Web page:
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Would you go to a physician you knew had made inaccurate diagnoses? Would you take piano lessons from a person who barely knew musical scales? Or patronize a restaurant where you experienced poorly cooked food?
Most people would tolerate none of these. Yet many children across the state have no assurances they will not be forced to tolerate the educational equivalent of such poor professional conduct. Now, unless the legislature reverses the Education Committee's decision to remove a key provision of Gov. Dannel P. Malloy's education reform package - a piece that tied a teacher's ability to get and maintain tenure to their effectiveness in the classroom - these children will have to wait at least another year before any system is put in place to protect them.
Teachers and their unions lobbied strenuously to remove this provision and legislators on the committee listened to these appeals at the expense of students' best interests. The reason for the teachers unions' vehement opposition to the tenure provision is mysterious. Teachers' work is both extremely difficult and important and most teachers in this state not only are competent, but also are highly effective at ensuring their students achieve to their utmost potentials. They care deeply about their students and continue their own educations to better serve the children in their classrooms. All of this would mean that they'd continue to earn and maintain tenure without problem.
But there are teachers who are not effective. Maybe they chose the wrong profession. Maybe they are burned out. Maybe they are loving and nurturing, but fail to adequately challenge their students. Children suffer because of this. Unfortunately, the state's current system - the system some are seeking to protect - makes it both costly and time consuming for districts to rectify these situations, unless, as is the case in some districts, there is cooperation between the district's administration and its union local.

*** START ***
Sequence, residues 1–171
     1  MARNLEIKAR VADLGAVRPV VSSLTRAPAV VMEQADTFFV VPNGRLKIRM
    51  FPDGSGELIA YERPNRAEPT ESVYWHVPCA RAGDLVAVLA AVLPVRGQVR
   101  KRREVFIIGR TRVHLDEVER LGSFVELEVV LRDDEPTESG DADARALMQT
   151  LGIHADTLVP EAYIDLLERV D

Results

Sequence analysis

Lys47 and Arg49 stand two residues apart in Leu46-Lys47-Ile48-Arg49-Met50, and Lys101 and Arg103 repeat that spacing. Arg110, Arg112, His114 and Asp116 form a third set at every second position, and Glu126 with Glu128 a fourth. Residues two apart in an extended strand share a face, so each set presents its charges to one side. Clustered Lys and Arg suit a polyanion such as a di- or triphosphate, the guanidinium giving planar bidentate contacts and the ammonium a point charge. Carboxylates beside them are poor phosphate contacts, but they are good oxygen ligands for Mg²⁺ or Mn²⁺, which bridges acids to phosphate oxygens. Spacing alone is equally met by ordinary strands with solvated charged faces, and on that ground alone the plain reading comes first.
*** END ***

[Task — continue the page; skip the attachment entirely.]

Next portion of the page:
The current system in Connecticut allows a teacher to maintain both tenure and employment even if, year after year, their students are bored, unchallenged, unmotivated and performing far below their potentials. While the national No Child Left Behind Act did make a step in the right direction by requiring certified teachers in all classrooms and establishing the means to deem teachers "highly qualified" in their subject area, in Connecticut teachers who are demonstrating lackluster professional performance can remain in the classroom unless they are documented as being "incompetent."
The stakes for education's failures are high and getting higher. If students are not reading with facile comprehension by the time they are about eight years old, their risk of future failure escalates. Students who struggle are more likely to drop out of school and end up in prison. If they are not viewing themselves as learners at an early age, they are more likely to become discipline problems. If they do not achieve to their highest abilities, they will not become productive workers nor aspire to go to college.
If people won't tolerate poor restaurant food when the only risk is a bout of indigestion, why are they tolerating a system that allows poor classroom practices to risk children's entire futures?
Connecticut is fortunate to have a governor who is working to end the deep educational divide in the state. Citizens should ask their legislators to support the governor to benefit our children.
Gail B. MacDonald is chairwoman of the Stonington Board of Education, but wrote this commentary in her capacity as an area director of the Connecticut Association of Boards of Education.